Publication of Rachel Carson's "Silent Spring"
Silent Spring is a book written by Rachel Carson and published by Houghton Mifflin in September 1962.
The book is widely credited with helping launch the environmental movement.
The New Yorker started serializing Silent Spring in June 1962, and it was published in book form later that year. When the book Silent Spring was published, Rachel Carson was already a well-known writer on natural history, but had not previously been a social critic. The book was widely read (especially after its selection by the Book-of-the-Month Club and the New York Times best-seller list), and inspired widespread public concerns with pesticides and pollution of the environment. Silent Spring facilitated the ban of the pesticide DDT in 1972 in the United States.
The book documented detrimental effects of pesticides on the environment, particularly on birds. Carson said that DDT had been found to cause thinner egg shells and result in reproductive problems and death. She also accused the chemical industry of spreading disinformation, and public officials of accepting industry claims uncritically.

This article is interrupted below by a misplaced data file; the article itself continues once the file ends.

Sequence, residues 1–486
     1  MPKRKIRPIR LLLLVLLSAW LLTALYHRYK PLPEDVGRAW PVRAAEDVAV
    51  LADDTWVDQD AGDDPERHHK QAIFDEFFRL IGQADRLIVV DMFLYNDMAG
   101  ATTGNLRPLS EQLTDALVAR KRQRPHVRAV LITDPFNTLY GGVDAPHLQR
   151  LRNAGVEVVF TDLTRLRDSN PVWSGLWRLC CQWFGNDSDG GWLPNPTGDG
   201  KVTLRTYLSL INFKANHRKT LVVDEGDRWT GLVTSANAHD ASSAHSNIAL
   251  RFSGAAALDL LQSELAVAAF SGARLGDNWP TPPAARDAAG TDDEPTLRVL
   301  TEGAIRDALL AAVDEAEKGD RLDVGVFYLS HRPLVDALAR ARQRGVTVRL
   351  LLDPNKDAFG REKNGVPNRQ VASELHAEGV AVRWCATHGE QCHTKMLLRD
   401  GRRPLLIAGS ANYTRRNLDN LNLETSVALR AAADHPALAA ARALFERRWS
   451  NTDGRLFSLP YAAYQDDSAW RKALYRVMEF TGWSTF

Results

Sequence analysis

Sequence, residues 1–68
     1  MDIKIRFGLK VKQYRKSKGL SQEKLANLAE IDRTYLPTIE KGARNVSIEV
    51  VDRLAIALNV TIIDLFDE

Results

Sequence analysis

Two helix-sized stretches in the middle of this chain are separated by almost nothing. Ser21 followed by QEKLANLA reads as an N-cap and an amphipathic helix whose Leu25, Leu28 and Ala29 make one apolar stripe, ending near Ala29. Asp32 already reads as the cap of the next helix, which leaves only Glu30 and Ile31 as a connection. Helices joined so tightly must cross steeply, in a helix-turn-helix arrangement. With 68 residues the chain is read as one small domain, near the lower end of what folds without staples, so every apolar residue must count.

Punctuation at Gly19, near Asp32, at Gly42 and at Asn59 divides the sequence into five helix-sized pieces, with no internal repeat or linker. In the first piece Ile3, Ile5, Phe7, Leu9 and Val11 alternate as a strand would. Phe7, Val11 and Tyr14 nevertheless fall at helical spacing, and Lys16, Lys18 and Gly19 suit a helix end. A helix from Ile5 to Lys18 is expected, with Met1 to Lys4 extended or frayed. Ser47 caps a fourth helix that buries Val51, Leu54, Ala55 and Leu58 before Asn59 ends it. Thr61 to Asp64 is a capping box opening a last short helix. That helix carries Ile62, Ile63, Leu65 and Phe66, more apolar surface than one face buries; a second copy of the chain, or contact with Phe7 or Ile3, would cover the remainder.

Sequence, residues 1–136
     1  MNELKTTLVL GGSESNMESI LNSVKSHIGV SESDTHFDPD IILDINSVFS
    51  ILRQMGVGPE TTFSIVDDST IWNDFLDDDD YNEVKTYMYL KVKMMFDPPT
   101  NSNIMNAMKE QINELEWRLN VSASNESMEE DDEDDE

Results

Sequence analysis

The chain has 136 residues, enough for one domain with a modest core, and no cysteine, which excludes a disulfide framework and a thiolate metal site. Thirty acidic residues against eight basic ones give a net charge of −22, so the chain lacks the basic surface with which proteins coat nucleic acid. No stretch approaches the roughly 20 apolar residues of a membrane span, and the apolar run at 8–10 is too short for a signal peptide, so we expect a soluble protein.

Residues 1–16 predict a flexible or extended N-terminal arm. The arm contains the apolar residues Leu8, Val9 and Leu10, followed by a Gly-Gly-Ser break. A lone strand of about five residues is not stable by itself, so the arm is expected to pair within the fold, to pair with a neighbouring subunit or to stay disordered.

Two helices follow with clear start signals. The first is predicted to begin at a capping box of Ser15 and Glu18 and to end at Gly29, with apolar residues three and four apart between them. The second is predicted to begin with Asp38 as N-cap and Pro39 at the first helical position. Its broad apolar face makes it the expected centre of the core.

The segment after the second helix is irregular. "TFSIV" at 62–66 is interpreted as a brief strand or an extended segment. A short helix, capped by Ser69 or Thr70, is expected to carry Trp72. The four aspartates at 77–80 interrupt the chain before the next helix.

Silent Spring has been featured in many lists of the best nonfiction books of the twentieth century. In the Modern Library List of Best 20th-Century Nonfiction it was at #5, and it was at #78 in the conservative National Review. Most recently, Silent Spring was named one of the 25 greatest science books of all time by the editors of Discover Magazine.
A follow-up book, Beyond Silent Spring, co-authored by H.F. van Emden and David Peakall, was published in 1996.
Although their role will probably always be less celebrated than wars, marches, riots or stormy political campaigns, it is books that have at times most powerfully influenced social change in American life. Thomas Paine's Common Sense galvanized radical sentiment in the early days of the American revolution; Uncle Tom's Cabin by Harriet Beecher Stowe roused Northern antipathy to slavery in the decade leading up to the Civil War; and Rachel Carson's Silent Spring, which in 1962 exposed the hazards of the pesticide DDT, eloquently questioned humanity's faith in technological progress and helped set the stage for the environmental movement.